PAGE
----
But all human efforts, all the emperor’s gifts and propitiations of the gods, were not enough to remove the scandal or banish the belief that the fire (summer, 64 C.E.)had been ordered. And so, to get rid of this rumor Nero set up as culprits and punished with the utmost cruelty a class hated for their abominations, who are commonly called Christians. Christus, from whom their name is derived, was executed at the hands of the procurator Pontius Pilate in the reign of Tiberius. Checked for the moment this pernicious superstition broke out again, not only in Judea, the source of the evil, but even in Rome, the place where everything that is sordid and degrading from every quarter of the globe finds a following. Thus, those who confessed (i.e. to being Christians) were first arrested, then on evidence from them a large multitude was convicted, not so much for the charge of arson as for their hatred of the human race. Besides being put to death they were made objects of amusement; they were clothed in hides of beasts and torn to death by dogs; others were crucified, others were set on fire to illuminate the night after sunset. Nero threw open his grounds for the display and put on a show at the circus where he mingled with the people dressed like a charioteer and driving about in his chariot. All this gave rise to a feeling of pity, even towards these men who deserved the most exemplary punishment since it was felt they were being killed, not for the public good but to gratify the cruelty of an individual.Tacitus, Annales, xv. 44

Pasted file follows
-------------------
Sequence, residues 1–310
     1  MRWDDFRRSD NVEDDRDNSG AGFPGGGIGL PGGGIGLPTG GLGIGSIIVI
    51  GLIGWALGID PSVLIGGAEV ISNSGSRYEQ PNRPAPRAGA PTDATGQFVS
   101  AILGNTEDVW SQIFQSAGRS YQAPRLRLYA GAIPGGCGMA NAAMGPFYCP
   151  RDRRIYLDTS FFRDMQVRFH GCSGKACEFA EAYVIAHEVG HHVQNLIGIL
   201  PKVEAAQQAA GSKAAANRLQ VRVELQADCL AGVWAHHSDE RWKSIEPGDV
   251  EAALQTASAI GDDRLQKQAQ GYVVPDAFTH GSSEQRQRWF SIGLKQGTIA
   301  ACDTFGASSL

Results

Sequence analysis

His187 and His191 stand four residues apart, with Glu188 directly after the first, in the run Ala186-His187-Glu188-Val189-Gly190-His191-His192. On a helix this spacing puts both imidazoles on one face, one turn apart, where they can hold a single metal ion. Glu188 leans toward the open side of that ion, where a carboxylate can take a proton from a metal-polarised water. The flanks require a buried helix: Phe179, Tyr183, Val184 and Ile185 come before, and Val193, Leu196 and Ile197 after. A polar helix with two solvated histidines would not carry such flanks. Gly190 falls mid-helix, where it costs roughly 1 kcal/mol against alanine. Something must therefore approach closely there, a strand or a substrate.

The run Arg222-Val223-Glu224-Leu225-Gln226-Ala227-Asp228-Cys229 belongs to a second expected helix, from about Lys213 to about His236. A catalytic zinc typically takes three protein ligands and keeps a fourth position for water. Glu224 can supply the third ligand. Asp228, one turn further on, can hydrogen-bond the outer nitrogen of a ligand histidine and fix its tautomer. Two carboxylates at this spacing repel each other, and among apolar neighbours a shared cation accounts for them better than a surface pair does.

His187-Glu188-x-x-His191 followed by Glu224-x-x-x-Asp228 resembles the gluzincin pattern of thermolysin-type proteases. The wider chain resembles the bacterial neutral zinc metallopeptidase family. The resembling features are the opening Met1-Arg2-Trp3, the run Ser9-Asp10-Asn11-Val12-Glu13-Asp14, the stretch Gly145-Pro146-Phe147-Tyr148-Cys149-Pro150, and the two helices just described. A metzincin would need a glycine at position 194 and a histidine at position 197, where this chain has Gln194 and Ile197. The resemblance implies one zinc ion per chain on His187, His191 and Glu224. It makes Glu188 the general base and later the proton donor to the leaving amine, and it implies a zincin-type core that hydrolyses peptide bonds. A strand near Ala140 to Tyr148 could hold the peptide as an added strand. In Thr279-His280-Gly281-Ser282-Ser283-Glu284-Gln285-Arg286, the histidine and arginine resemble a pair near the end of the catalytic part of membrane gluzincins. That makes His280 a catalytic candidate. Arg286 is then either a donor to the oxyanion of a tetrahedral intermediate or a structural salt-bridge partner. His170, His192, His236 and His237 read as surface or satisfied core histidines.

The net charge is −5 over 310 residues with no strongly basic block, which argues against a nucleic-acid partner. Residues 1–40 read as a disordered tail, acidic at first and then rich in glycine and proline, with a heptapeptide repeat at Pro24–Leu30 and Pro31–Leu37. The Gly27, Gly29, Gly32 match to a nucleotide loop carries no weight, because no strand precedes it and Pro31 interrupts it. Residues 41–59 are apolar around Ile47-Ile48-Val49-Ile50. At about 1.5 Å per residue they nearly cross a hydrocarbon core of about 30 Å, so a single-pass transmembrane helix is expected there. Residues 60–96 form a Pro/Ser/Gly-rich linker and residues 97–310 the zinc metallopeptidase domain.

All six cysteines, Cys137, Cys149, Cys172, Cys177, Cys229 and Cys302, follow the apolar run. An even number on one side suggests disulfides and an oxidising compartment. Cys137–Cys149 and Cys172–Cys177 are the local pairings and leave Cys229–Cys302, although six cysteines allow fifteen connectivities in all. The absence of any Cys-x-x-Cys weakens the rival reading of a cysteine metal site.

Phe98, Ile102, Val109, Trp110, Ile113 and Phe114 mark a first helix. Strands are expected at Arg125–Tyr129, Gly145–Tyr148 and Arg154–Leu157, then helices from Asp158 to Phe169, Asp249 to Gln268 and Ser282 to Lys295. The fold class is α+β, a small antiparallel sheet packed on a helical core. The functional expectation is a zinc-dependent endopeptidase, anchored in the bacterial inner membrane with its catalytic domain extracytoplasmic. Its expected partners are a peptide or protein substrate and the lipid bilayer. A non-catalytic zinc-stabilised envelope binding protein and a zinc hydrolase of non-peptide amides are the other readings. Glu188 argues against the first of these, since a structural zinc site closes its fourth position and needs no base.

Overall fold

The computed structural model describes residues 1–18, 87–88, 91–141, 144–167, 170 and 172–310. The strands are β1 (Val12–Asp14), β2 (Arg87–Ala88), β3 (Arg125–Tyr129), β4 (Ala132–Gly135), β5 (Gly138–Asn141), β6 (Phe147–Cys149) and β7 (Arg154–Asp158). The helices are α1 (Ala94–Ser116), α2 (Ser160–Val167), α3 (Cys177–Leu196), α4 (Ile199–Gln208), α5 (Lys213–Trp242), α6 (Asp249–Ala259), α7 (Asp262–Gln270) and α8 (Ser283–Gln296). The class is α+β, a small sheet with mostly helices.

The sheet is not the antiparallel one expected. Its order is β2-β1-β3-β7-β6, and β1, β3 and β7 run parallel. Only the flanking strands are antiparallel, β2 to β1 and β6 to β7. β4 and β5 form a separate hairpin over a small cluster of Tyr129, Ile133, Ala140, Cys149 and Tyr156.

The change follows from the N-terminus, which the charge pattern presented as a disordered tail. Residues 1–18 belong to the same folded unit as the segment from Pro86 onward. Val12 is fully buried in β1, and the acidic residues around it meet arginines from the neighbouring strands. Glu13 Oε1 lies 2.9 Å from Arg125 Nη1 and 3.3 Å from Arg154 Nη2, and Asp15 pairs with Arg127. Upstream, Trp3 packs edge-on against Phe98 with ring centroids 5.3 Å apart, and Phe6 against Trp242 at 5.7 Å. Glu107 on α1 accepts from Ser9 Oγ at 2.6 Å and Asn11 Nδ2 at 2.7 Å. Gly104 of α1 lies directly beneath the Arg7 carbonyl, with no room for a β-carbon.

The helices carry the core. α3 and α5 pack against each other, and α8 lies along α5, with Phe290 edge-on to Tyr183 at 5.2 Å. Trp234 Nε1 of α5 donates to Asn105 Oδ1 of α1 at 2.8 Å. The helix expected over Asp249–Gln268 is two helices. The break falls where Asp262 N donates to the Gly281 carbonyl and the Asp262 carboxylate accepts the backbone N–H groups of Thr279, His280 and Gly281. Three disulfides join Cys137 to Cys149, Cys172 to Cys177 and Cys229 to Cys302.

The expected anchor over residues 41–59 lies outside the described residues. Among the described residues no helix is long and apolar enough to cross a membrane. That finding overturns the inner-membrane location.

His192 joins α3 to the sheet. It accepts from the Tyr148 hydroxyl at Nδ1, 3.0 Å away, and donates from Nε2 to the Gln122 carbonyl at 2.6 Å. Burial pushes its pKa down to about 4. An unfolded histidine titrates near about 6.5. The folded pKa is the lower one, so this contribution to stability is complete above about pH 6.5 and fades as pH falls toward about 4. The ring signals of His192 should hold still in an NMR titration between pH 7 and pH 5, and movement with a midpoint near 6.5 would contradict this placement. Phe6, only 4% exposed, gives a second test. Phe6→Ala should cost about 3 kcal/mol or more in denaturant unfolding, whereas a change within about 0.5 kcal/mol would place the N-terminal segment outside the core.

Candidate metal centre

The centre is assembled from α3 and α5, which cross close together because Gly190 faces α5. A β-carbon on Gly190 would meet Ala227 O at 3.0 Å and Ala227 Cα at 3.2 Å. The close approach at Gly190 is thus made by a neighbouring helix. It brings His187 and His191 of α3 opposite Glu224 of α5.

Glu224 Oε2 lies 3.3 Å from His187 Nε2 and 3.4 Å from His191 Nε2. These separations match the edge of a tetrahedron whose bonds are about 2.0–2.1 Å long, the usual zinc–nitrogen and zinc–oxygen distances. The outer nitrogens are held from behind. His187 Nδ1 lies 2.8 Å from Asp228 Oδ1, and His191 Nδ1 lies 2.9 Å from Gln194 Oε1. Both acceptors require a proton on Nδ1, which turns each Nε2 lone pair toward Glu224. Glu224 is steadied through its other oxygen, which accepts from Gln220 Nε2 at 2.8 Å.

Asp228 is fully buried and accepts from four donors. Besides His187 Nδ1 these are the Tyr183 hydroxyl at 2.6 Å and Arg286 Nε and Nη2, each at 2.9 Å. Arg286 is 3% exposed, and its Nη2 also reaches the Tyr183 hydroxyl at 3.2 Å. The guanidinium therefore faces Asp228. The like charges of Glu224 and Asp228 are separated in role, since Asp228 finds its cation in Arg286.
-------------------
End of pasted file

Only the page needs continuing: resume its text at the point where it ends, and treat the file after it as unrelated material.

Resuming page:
It is a rule, Sir, which I inviolably observe, to refer myself to you in all my doubts; for who is more capable of guiding my uncertainty or informing my ignorance? Having never been present at any trials of the Christians, I am unacquainted with the method and limits to be observed either in examining or punishing them. Whether any difference is to be made on account of age, or no distinction allotted between the youngest and the adult; whether repentance admits to a pardon, or if a man has once been a Christian it avails him nothing to recant; whether the mere profession of Christianity, albeit without crimes, or only the crimes associated with it are punishable-in all these points I am in great doubt. In the meantime, the method I have observed towards those who have been denounced to me as Christians is this: I interrogated them whether they were Christians; if they confessed it, I repeated the question twice again, adding the threat of capital punishment; if they still persevered, I ordered them to be executed. For whatever the nature of their creed might be, I could at least feel no doubt that contumacy and inflexible obstinacy deserved punishment. There were others also, taken in by the same infatuation, but being citizens of Rome, I directed them to be taken away.Pliny, Letters to Trajan, X, 96. (Re: Christians in Bithynia; Province in Asia Minor)